Happy New Year! Often, at the start of another year, people set goals and begin different routines. They break away from the ordinary and change things up. So, why not do this with your budget and finances? Last month, I discussed what you need to do at the end of the year. Now, let’s talk about budgeting for the new year.
Organize Your Budget:
You might have done an analysis of your budgeting method in December. Now, it’s the time to put your changes and/or brand-new budget into practice. According to CNNmoney.com, one way to divide your income to make sure you cover all budgeting areas is by using the percentages below:
- 30% – housing and debt (mortgage/rent, credit cards, loans)
- 26% – living expenses (food, clothing, utilities, medical, transportation, and entertainment)
- 25% – taxes (federal, state, local, and property)
- 15% – savings and retirement
- 4% – insurance
To stay on top of these percentages and how much of your income goes where, use a budget worksheet. Consumer.gov has an easy printable worksheet. If this method doesn’t work, don’t give up! Continue searching until you find a budget worksheet and percentages that fit you.
Savings and Emergency Funds:
You might have seen on social media various “money saving challenges,” such as setting aside all of your $5 bills for a whole year or each month putting $25 into your emergency fund. Well, these strategies do have value (no pun intended) to them. Adding to savings can be hard at times. However, small changes can add up over time. One of my favorite money saving challenges doesn’t involve setting aside a certain chunk of income every so often. The task is to eliminate something each month:
January: Skip the restaurants and fast food.
February: Cut out soda, bottled water (use a reusable water bottle), and alcohol.
March: Say no to retail therapy; only purchase what is necessary.
April: Spend less money on entertainment.
May: Eat no junk food.
June: Leave the air conditioner off for as long as possible.
July: Cancel paid subscriptions and unused memberships (you don’t really need that gym membership).
August: Look for extra ways to make money.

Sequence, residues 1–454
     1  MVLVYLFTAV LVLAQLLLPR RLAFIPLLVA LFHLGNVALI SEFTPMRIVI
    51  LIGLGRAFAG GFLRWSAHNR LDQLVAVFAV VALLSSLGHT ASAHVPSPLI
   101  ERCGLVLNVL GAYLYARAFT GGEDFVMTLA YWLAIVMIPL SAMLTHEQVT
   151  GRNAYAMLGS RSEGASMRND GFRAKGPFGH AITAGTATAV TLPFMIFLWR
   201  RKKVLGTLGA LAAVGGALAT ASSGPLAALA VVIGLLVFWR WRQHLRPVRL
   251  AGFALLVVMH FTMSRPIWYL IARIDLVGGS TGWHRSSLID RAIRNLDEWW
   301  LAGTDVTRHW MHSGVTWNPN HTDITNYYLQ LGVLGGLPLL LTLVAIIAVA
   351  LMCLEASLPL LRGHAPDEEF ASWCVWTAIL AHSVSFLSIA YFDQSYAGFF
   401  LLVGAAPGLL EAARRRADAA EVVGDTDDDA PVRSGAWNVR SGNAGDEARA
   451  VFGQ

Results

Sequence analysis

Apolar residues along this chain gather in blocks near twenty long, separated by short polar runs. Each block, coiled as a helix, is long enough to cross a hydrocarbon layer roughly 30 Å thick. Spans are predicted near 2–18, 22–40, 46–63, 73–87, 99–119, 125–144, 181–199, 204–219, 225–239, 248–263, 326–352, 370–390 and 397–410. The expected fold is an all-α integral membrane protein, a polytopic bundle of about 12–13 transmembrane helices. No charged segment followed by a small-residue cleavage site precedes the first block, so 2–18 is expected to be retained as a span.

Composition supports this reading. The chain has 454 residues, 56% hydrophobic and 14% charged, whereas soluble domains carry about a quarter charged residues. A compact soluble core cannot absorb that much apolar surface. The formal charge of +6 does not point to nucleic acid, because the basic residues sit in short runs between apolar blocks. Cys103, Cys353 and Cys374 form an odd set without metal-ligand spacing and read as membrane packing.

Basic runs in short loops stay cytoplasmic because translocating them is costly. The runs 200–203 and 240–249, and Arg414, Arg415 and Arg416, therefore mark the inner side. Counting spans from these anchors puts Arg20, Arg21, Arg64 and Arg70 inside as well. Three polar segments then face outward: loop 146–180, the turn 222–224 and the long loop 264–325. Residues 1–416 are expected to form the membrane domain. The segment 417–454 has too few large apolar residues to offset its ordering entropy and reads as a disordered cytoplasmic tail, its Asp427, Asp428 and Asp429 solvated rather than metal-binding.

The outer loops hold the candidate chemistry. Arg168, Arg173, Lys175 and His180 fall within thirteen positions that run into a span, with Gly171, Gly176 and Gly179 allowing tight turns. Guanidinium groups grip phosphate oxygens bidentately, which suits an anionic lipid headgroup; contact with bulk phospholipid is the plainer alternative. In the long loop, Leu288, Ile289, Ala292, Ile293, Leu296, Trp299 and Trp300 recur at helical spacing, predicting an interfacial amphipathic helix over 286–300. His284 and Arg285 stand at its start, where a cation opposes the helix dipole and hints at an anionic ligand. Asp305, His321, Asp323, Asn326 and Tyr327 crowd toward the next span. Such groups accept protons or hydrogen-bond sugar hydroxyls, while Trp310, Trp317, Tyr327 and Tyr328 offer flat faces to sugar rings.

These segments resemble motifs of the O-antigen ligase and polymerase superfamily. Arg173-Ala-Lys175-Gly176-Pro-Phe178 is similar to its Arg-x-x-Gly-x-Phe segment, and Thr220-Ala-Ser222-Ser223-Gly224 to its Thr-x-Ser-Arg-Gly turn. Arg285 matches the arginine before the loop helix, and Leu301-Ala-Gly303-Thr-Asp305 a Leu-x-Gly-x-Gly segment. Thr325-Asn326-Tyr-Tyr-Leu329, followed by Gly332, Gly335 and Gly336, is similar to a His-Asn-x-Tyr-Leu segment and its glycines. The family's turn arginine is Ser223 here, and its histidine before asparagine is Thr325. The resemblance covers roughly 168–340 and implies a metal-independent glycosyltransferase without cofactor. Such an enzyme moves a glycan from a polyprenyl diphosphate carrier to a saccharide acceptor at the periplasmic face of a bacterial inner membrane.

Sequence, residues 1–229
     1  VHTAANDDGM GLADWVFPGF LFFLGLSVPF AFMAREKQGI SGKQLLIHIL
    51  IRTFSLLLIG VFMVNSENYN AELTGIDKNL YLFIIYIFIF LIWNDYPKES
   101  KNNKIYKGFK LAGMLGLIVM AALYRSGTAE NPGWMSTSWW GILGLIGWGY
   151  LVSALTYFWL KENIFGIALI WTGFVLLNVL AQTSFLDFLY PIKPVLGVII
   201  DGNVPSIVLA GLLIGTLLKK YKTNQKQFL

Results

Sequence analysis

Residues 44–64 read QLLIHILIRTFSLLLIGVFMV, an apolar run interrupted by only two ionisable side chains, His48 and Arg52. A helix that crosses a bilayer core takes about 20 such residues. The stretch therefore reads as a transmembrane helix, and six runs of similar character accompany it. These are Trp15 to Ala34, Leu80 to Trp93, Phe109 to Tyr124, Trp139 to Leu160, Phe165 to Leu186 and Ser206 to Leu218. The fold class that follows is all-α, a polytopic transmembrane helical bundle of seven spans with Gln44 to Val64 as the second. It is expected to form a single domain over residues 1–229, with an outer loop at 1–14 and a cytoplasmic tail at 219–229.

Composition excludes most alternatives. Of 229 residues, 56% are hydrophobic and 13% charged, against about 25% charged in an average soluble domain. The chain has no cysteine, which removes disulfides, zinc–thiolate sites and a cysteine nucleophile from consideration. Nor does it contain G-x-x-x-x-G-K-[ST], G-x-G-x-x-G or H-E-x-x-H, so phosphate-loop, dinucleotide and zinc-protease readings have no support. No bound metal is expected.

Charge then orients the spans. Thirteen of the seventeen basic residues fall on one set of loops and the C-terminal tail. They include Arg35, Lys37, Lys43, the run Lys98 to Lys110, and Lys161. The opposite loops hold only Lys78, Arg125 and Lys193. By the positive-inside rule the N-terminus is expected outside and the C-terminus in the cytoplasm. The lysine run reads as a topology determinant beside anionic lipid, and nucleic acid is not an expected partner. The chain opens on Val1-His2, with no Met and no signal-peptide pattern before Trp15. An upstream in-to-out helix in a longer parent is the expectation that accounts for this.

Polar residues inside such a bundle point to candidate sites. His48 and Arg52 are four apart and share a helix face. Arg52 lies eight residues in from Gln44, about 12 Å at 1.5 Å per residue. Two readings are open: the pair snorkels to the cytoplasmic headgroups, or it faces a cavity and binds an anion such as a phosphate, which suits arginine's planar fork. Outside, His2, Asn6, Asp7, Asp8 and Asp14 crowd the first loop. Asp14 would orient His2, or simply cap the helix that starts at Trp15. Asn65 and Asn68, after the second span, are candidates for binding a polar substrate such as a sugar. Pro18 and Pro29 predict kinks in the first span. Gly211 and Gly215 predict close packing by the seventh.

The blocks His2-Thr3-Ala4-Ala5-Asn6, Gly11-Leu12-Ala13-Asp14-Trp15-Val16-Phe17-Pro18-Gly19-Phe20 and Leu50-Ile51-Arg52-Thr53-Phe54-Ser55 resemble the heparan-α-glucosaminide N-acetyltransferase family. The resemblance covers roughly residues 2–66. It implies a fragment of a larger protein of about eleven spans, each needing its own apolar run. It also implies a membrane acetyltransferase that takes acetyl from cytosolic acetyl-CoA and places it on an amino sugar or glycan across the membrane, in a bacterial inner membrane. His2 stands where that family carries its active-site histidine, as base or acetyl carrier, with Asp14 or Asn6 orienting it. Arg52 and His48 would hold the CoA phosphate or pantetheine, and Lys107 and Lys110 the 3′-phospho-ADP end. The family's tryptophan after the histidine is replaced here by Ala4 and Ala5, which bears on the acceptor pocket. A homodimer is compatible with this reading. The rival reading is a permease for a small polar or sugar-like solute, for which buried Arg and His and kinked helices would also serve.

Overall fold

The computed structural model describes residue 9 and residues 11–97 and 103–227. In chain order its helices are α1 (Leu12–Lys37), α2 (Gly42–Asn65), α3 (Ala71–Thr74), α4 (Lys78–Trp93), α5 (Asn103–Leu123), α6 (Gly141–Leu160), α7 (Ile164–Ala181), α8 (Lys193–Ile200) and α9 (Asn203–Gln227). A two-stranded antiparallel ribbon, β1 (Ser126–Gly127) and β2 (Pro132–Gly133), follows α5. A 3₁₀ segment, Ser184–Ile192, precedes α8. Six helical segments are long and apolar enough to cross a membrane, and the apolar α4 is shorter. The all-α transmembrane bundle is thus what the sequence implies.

September: Limit trips and traveling long distances. If you are looking for a summer getaway, now is the cheapest time to book.
October: Quit expensive habits.
November: Keep your heating costs down and only use when needed (after all, we do live in the south, where it says warm even during this time of the year).
December: Create your own Christmas gifts.
With this strategy, you won’t save the same amount each month, but you will decrease your spending. This plan can also be altered to your schedule and needs. If you need a designated lot of money for each time, start small. Put away loose change or a $5 bill once a week. Then, reflect on how well your process is going and make necessary changes. Whenever an emergency occurs or you want to purchase a big ticket item, you’ll be glad you have the extra money to make that happen. It’s like paying yourself!
You don’t need to do the extreme couponer’s version of stocking up and creating a stock pile, but it is always helpful to have items on hand. Aim for having a three-month supply of things you and your family use every day. Your “stock pile” could include:
- Peanut butter
- Toilet paper
- Paper towels
- Trash bags
- Shampoo and hair care products
- Flour, sugar, and other baking essentials
- Nuts and trail mix
- Cleaning supplies
The key to stocking up is to not pay for each item individually. Be on the lookout for coupons that are buy 1, get 1 free and when a coupon is paired with a sale. Buying in bulk from stores, such as Sam’s Club and Costco, are great ways to add to your pile. Also, think about the holidays and seasons. Never spend money on popular purchases until they are out of season. For example, your sweetie can wait until after Valentine’s Day for their candy.
Starting off right with new strategies for your budget will help you all year long. Come December 31st, you’ll be in a better position to accomplish all your financial goals and dreams.